Have been gluten-free 4 months and still trouble. Began "graphing" how I did each day, Bad, Fair, OK, Good. Graph going up and down, up and down, etc. Began drinking spring water or reverse osmosis purified water on Mar 23. Every day since then with exception of today (Fair) has been (Good).

Skin problems clued me in. Chlorinated water/soap/alkalinity causes me problems. Why it took me 5 mo. from dermatologist telling me I was "alkaline sensitive" to figure it out I'll never know. I used to work (9) years on hot tubs and spas, think of the exposure. With them, acidity was reason for alkaline chemicals to be introduced to the water.

Different brands of bottled water have different alkalinity/acidity (ph) levels, if you call you can find out the ph level, and pick the one you want or even mix to get the desired ph level.

Chloramine (used here) causes my skin oils to greatly thicken, they can't flow, they back up, subsurface bleeding begins, and then it gets worse. What does it do to my internal tissues? Scary stuff.
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#7 Lily

 
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Posted 05 April 2004 - 05:12 PM

Kel,
I see lots of people recommending chicken, but if you look closely at most grocery store chicken, it is injected with a chicken broth solution (to make it juicy when it cooks) and I won't touch it with a 10 foot pole. I don't trust anyone coating or braising, injecting anything into my food.
Are you feeling any better?

Lily
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#8 zippyten

 
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Posted 06 April 2004 - 07:03 AM

I see this come up time and again, about chicken (and other meat) being injected with gluten to make it juicier, or whatever, and it really isn't true. I spoke to someone at Perdue, who verified that any plain raw chicken that they package (whole or parts) has absolutely nothing added to it. They also have a gluten-free product list which they will send you (check their website). Of course, you can't use any of those breaded or prepared chicken products, obviously. The only other poultry I've ever heard of which has gluten injected is self-basting turkeys and yes, that mixture contains gluten.

Fresh chicken, meat, and fish should never pose a problem for anyone with celiac disease, and I have confirmed this through various sources, including the Univ. of Maryland Celiac Research Center. If you are having reactions to chicken or meat, I would consider it coming from another source besides the chicken or meat itself.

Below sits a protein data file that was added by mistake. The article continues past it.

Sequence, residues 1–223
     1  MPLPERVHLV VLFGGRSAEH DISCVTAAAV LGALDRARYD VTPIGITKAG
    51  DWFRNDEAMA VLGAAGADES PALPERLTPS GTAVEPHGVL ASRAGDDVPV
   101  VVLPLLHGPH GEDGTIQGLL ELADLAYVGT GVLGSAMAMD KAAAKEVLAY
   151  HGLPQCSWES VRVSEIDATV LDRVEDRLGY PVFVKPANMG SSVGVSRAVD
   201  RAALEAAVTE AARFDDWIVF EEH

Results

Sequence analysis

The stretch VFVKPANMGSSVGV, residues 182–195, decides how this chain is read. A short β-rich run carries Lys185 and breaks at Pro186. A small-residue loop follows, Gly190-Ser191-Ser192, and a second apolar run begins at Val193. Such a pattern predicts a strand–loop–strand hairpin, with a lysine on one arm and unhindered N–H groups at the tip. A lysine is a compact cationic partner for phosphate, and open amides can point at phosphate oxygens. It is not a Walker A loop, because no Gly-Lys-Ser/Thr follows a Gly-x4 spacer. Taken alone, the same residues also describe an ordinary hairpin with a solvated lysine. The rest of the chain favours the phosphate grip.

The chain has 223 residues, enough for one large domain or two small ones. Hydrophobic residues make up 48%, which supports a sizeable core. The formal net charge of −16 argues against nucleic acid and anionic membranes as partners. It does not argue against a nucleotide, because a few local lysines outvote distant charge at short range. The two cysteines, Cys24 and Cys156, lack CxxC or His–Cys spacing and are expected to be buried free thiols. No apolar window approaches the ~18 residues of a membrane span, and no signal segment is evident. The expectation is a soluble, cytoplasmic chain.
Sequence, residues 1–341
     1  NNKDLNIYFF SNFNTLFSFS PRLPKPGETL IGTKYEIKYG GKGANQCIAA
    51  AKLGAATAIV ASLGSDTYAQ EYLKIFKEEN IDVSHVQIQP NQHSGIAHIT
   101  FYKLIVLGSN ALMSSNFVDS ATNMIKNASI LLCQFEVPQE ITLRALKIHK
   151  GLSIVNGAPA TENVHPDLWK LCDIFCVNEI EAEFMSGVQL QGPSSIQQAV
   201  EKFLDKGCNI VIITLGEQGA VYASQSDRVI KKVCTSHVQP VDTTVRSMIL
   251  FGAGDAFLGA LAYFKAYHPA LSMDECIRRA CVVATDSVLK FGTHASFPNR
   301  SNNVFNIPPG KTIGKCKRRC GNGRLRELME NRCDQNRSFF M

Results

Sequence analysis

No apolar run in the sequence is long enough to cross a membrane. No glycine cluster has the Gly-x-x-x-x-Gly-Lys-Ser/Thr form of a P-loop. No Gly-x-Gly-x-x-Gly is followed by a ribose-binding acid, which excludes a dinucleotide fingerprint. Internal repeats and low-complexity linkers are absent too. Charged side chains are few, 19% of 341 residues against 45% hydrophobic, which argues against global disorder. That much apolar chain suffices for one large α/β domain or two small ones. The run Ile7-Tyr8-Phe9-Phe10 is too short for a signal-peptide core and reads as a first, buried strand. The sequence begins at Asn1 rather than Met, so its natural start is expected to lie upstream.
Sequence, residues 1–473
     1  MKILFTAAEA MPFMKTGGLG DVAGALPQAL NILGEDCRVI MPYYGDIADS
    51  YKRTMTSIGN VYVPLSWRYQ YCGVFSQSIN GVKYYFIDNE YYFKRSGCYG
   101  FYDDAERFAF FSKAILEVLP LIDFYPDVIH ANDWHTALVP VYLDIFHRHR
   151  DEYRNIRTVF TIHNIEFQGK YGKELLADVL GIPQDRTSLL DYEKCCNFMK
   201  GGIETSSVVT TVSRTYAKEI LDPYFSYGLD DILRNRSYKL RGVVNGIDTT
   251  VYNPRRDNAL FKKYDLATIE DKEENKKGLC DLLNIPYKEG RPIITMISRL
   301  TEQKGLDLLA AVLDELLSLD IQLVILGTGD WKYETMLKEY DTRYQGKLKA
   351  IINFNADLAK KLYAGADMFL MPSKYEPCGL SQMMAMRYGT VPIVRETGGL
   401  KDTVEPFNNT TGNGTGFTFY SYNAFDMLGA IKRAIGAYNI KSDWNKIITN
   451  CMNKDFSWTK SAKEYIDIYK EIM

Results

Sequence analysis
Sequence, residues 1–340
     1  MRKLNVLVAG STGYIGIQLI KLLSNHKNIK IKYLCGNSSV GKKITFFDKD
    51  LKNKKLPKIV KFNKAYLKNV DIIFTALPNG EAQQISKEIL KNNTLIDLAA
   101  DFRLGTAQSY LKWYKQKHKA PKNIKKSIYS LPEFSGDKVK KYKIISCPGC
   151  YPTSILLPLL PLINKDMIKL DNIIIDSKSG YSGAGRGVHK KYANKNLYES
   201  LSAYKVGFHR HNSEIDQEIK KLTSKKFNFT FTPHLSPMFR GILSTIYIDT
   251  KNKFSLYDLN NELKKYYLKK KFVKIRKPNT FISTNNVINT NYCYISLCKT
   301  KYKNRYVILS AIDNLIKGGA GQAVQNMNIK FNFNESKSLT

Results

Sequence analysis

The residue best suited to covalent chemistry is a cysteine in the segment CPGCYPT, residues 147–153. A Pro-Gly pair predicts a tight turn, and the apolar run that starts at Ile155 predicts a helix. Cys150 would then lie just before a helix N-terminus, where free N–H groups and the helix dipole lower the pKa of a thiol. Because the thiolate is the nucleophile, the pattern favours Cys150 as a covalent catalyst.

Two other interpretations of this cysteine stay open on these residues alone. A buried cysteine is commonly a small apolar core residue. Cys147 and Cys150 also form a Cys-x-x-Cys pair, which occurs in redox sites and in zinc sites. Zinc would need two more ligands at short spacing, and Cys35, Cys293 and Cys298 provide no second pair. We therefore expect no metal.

Ellen
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#9 lovegrov

 
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Posted 06 April 2004 - 11:07 AM

Corn Pops and Ruffles are two bad things to be eating when you're trying to heal. Lays has a notorious problem with cross contamination and the old Corn Pops is the same. Go back to plain, good, unprocessed food for a while. And eat a more balanced diet.

As for chicken, I can understand if people don't want some of the added sodium, but the flavor enhancers, broth or whatever else that's added to some poultry simply does not have gluten. If those solutions contained wheat, rye or barley they would, by law, have to be clearly listed. See this web site: http://www.fsis.usda.../flavorings.htm I called the 800 number at the bottom to confirm this myself.
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#10 Aightball

 
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Posted 07 April 2004 - 07:13 AM

Hi all,


First, thanks for the suggestions. I have stopped with the chips and corn pops for now. It's been enough days that my body is usually over things and it's still not.


I found out that my mom has colitis, and am going to check with the doc about that. I can have some gluten things and not have a problem, but can also have a so called "safe meal" and still get sick. I know it's not just my body being mad about somethig I had earlier in the week, just knowing how fast my body gets over things like that.

I am going to remain gluten free for a while and see if it helps though. I can give up certain things to feel bette :).

I've got permission to try to add some gluten back in, since I was never diagonised celiac, this was just to see if my tummy would settle down. For the most part it has, but I am currently back to my old tummy and first big meal of the day going right through. Yesterday, I had a fresh pork loin (small), straight from the grocers meat case, and still had issues. I know that our local grocery store is serious about food allergies and will do anything to prevent cross-contam, so that's not an issuse at all.

-Kel
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#11 zippyten

 
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Posted 07 April 2004 - 12:55 PM

Kel:

I don't know your history or how many tests or doctors' visits you've been put through so far. But it does sound like something's going on, maybe even instead of, or addition to, the celiac. I'm sorry that you're still having trouble eating. I hope that you have a good doctor, and that you can get to the bottom of what ails you soon. I know how discouraging it can be to feel sick all the time. Not that I am a big advocate of being tested up the wazoo, but maybe you do need to have your digestive system looked at more closely to finally determine what's going on. I wish you a quick recovery.

More on the chicken: Bell & Evans confirmed (as did Perdue) that as I thought there are no added ingredients to their raw poultry. Here's their email response to my query:

Thank you for contacting Bell & Evans. Our fresh, raw chicken products contain no ingredients but chicken. There are no flavorings or preservatives added. I hope this information will allow you to continue to enjoy our chicken.

If I can be of other assistance, please do not hesitate to contact me.

Susan Ranck

Quality Assurance Manager

Bell & Evans Poultry

717-865-6626